Food & Paper: The importance of considering acoustic complexity in auditory perception research (Michael Schutz)

Michael Schutz, Associate Professor of Music Cognition/Percussion at McMaster University, will hold this week's Food & Paper.

NB: This Food & Paper will take place at 15:00 (CET).Michael Schutz

The talk builds on a recent paper by Michael Schutz and Jessica Gillard: "On the generalization of tones: A detailed exploration of non-speech auditory perception stimuli".


Our auditory world is filled with a rich array of sounds from a multitude of sources. These sounds are both complex and informative, providing useful information about objects and events in the world around us (Gaver, 1993). Since the 1950s however, auditory perception research as often focused highly controlled, easily quantifiable tone beeps (Neuhoff, 2004). Although such stimuli are useful, research from my team (Chuen & Schutz, 2016; Schutz et al., 2017; Vallet et al., 2014; Schutz et al., 2019) as well as others (Grassi & Casco, 2009; Schlauch et al., 2001; Neuhoff, 1998) illustrates that temporal complexity can play a key role in shaping experimental outcomes.

Because temporal complexity is essentially unexplored in studies using flat tones, excusive use of these simplified stimuli raises important questions about efforts to understand the generalized function of the auditory system. To explore the issue empirically, my team recently completed a large-scale survey of non-speech auditory perception research from four prominent journals. Analysis of over 1000 experiments from illustrates that nearly 90% of stimuli employ amplitude envelopes lacking the dynamic variations characteristic of non-speech sounds heard outside the laboratory (Schutz & Gillard, 2020). Given differences in task outcomes and even the underlying perceptual strategies evoked by dynamic vs. invariant amplitude envelopes, this raises important questions of broad relevance. Based on a representative sample of diverse experiments from prominent journals, these results suggest that stimuli with time-varying amplitude envelopes offer significant potential for furthering our understanding of the auditory system’s basic processing capabilities.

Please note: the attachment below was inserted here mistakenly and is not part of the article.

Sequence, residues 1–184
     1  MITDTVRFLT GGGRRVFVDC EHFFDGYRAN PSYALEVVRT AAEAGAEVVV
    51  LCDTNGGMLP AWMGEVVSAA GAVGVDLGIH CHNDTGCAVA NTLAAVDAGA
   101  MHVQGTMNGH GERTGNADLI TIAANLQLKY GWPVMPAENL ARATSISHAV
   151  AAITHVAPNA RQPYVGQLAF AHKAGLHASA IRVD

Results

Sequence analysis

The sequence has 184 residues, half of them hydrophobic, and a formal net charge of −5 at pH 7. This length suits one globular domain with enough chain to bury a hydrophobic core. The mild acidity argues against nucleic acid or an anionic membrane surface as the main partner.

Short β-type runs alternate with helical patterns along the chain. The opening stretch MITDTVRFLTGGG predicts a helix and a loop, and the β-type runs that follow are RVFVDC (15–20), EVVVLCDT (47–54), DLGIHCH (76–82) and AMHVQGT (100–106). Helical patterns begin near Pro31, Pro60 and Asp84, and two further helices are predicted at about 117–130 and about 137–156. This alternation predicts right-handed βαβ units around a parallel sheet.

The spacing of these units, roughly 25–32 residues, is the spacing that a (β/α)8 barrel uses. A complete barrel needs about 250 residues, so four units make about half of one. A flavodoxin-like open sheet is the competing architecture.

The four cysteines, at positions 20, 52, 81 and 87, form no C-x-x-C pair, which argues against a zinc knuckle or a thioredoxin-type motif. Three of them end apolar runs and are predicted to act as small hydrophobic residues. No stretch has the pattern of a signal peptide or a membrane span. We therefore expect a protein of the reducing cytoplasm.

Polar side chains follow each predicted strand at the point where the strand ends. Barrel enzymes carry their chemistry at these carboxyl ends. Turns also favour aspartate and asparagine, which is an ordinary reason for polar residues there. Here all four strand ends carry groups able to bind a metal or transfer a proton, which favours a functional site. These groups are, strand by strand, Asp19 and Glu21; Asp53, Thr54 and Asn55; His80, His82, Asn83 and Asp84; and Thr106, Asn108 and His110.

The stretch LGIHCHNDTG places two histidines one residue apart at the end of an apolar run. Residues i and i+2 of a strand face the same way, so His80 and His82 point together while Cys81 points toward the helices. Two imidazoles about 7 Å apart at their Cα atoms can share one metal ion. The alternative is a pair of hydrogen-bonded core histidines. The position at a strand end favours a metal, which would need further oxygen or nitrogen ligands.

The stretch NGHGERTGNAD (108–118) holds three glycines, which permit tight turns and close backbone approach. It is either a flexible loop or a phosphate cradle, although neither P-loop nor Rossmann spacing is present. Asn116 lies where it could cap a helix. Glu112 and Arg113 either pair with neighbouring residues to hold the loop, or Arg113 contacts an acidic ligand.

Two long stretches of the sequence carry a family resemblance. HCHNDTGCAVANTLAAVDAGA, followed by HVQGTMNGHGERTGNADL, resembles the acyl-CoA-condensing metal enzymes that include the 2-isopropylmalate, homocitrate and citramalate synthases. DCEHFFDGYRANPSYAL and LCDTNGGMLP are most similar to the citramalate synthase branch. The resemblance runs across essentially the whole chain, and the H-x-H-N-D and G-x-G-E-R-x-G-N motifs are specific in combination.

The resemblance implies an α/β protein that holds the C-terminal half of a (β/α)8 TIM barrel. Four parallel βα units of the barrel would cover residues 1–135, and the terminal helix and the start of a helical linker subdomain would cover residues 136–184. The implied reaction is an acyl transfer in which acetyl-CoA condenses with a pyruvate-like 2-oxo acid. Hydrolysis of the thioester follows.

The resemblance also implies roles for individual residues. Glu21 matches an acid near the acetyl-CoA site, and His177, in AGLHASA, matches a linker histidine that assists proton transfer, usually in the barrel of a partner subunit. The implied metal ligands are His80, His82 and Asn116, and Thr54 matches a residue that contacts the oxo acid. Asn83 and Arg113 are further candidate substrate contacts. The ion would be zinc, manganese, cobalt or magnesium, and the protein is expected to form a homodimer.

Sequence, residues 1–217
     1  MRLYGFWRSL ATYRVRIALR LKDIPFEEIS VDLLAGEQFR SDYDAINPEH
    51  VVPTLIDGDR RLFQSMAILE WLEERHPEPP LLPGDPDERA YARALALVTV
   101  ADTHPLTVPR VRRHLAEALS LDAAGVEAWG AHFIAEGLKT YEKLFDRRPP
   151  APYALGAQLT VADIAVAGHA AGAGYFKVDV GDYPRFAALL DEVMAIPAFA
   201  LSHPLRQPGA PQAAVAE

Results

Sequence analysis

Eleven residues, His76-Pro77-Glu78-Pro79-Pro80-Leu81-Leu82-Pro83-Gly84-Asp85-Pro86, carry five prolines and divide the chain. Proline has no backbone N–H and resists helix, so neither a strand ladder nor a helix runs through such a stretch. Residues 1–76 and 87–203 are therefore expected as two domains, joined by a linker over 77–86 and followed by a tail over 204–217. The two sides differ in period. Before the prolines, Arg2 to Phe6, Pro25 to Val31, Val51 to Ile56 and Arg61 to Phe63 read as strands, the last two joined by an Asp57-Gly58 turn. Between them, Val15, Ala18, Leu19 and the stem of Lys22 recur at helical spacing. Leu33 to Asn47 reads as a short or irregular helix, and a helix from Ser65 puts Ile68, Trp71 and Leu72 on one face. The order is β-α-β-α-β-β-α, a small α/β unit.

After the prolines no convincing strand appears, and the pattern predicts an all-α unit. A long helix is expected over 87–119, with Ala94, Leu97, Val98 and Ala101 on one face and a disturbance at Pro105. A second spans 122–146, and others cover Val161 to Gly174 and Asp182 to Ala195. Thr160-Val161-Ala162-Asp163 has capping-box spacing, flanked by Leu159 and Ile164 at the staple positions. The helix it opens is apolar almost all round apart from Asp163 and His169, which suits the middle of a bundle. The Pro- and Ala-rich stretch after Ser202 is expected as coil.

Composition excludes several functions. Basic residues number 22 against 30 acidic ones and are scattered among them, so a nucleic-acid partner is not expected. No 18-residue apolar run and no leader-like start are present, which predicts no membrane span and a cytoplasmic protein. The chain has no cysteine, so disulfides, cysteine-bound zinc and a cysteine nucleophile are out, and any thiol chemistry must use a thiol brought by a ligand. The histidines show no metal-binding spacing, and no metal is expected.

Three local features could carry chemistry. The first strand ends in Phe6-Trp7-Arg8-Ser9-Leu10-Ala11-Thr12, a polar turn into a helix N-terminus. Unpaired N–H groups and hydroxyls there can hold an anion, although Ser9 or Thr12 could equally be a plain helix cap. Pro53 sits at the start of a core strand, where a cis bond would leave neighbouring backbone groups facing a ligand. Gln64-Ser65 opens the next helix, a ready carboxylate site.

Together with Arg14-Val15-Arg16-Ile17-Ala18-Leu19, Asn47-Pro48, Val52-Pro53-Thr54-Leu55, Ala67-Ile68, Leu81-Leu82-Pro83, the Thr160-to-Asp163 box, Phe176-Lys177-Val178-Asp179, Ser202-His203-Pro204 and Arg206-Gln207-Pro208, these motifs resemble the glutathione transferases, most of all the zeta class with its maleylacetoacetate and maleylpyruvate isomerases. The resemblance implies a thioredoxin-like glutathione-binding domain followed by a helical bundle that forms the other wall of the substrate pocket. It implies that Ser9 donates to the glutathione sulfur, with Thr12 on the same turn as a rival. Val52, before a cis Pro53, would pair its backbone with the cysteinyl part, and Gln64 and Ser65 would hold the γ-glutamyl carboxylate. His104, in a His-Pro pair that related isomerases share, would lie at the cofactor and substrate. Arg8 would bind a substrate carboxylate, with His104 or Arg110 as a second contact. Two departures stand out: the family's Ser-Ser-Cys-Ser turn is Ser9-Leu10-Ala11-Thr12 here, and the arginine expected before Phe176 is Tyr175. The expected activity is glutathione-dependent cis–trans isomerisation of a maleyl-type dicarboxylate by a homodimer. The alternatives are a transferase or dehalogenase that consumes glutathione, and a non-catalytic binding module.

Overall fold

This presentation will place that work in a broader context by exploring the proportion of sounds heard in everyday listening, offering a formal exploration of the degree to which lab-based research generalizes to everyday listening.


Michael Schutz is currently Associate Professor of Music Cognition/Percussion at McMaster University in Canada, where he conducts the percussion ensemble and teaches courses on music perception and cognition.  Prior to McMaster, Michael spent five years as Director of Percussion Studies at Longwood University, taught percussion at Virginia Commonwealth University, and performed frequently with the Roanoke Symphony, Opera on the James, Oratorio Society of Virginia, and the Lynchburg Symphony.  Active in the promotion of new music, Michael premiered internationally renowned composer Judith Shatin’s trio Time To Burn, and subsequently recorded this piece on a release from Innova Recordings.  Invited solo performances include guest appearances with the University of California, University of Virginia Percussion Ensemble, Ontario and Virginia/DC “Day of Percussion,” Project: Percussion Festival, and the Alvin Lucier Festival. Since 2013 he has served on the percussion faculty of the Penn State Honors Music Institute.  He earned a MM in Percussion from Northwestern University where he studied with Michael Burritt, and a BMA in from Penn State University where he studied with Dan Armstrong and Gifford Howarth.

Published Nov. 13, 2020 2:08 PM - Last modified Nov. 27, 2020 7:45 AM